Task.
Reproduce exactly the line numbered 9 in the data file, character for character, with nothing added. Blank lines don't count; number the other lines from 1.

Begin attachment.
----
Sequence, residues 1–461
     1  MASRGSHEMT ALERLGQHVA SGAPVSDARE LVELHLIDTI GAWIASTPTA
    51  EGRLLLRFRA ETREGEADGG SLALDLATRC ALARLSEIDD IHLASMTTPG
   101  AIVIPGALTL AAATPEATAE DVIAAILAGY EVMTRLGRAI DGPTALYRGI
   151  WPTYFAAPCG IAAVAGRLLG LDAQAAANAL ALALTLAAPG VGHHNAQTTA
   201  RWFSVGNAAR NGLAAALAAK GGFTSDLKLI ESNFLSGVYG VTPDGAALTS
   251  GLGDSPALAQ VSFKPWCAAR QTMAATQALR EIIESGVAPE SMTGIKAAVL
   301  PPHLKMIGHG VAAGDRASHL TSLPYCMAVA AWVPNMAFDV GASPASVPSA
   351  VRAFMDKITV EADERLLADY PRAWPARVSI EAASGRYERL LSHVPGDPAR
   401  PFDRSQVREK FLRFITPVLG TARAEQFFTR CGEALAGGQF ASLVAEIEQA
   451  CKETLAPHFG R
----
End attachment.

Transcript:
   351  VRAFMDKITV EADERLLADY PRAWPARVSI EAASGRYERL LSHVPGDPAR